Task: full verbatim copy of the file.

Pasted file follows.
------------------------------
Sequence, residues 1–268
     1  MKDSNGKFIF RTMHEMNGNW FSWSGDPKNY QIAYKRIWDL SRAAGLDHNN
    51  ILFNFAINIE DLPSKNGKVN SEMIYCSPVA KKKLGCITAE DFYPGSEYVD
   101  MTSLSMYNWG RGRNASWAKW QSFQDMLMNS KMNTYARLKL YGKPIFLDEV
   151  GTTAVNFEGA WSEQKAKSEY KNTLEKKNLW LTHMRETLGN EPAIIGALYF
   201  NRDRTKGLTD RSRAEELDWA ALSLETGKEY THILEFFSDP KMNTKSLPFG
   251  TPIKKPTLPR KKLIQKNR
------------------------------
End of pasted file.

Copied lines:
Sequence, residues 1–268
     1  MKDSNGKFIF RTMHEMNGNW FSWSGDPKNY QIAYKRIWDL SRAAGLDHNN
    51  ILFNFAINIE DLPSKNGKVN SEMIYCSPVA KKKLGCITAE DFYPGSEYVD
   101  MTSLSMYNWG RGRNASWAKW QSFQDMLMNS KMNTYARLKL YGKPIFLDEV
   151  GTTAVNFEGA WSEQKAKSEY KNTLEKKNLW LTHMRETLGN EPAIIGALYF
   201  NRDRTKGLTD RSRAEELDWA ALSLETGKEY THILEFFSDP KMNTKSLPFG
   251  TPIKKPTLPR KKLIQKNR